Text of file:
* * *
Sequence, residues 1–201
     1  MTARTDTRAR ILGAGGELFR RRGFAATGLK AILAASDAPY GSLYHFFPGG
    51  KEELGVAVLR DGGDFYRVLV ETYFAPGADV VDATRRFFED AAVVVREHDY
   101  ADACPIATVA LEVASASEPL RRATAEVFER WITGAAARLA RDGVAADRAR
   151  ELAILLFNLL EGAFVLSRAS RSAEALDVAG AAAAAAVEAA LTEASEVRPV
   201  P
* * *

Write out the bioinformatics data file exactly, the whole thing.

Sequence, residues 1–201
     1  MTARTDTRAR ILGAGGELFR RRGFAATGLK AILAASDAPY GSLYHFFPGG
    51  KEELGVAVLR DGGDFYRVLV ETYFAPGADV VDATRRFFED AAVVVREHDY
   101  ADACPIATVA LEVASASEPL RRATAEVFER WITGAAARLA RDGVAADRAR
   151  ELAILLFNLL EGAFVLSRAS RSAEALDVAG AAAAAAVEAA LTEASEVRPV
   201  P